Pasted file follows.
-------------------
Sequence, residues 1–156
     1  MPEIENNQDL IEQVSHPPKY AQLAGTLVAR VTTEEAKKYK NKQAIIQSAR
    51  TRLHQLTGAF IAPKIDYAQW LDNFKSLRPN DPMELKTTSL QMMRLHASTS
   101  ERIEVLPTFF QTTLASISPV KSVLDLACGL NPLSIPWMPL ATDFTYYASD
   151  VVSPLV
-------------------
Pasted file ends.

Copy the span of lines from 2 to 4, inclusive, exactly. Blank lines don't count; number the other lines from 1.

     1  MPEIENNQDL IEQVSHPPKY AQLAGTLVAR VTTEEAKKYK NKQAIIQSAR
    51  TRLHQLTGAF IAPKIDYAQW LDNFKSLRPN DPMELKTTSL QMMRLHASTS
   101  ERIEVLPTFF QTTLASISPV KSVLDLACGL NPLSIPWMPL ATDFTYYASD